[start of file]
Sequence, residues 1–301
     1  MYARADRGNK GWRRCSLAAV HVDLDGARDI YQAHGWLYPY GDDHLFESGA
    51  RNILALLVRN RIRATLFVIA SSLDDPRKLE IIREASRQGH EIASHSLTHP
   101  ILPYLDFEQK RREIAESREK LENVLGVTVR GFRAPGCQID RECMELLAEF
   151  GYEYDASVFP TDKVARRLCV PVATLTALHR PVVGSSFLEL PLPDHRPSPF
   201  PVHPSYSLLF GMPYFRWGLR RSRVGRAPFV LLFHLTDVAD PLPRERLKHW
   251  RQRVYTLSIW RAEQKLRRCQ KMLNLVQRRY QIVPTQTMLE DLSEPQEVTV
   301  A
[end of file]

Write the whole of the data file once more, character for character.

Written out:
Sequence, residues 1–301
     1  MYARADRGNK GWRRCSLAAV HVDLDGARDI YQAHGWLYPY GDDHLFESGA
    51  RNILALLVRN RIRATLFVIA SSLDDPRKLE IIREASRQGH EIASHSLTHP
   101  ILPYLDFEQK RREIAESREK LENVLGVTVR GFRAPGCQID RECMELLAEF
   151  GYEYDASVFP TDKVARRLCV PVATLTALHR PVVGSSFLEL PLPDHRPSPF
   201  PVHPSYSLLF GMPYFRWGLR RSRVGRAPFV LLFHLTDVAD PLPRERLKHW
   251  RQRVYTLSIW RAEQKLRRCQ KMLNLVQRRY QIVPTQTMLE DLSEPQEVTV
   301  A